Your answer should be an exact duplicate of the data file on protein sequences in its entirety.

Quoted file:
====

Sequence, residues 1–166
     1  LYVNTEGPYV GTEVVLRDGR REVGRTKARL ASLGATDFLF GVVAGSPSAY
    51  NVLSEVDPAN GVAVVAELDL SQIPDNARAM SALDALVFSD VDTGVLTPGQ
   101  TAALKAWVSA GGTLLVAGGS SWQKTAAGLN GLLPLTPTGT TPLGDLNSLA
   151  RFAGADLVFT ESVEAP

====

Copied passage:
Sequence, residues 1–166
     1  LYVNTEGPYV GTEVVLRDGR REVGRTKARL ASLGATDFLF GVVAGSPSAY
    51  NVLSEVDPAN GVAVVAELDL SQIPDNARAM SALDALVFSD VDTGVLTPGQ
   101  TAALKAWVSA GGTLLVAGGS SWQKTAAGLN GLLPLTPTGT TPLGDLNSLA
   151  RFAGADLVFT ESVEAP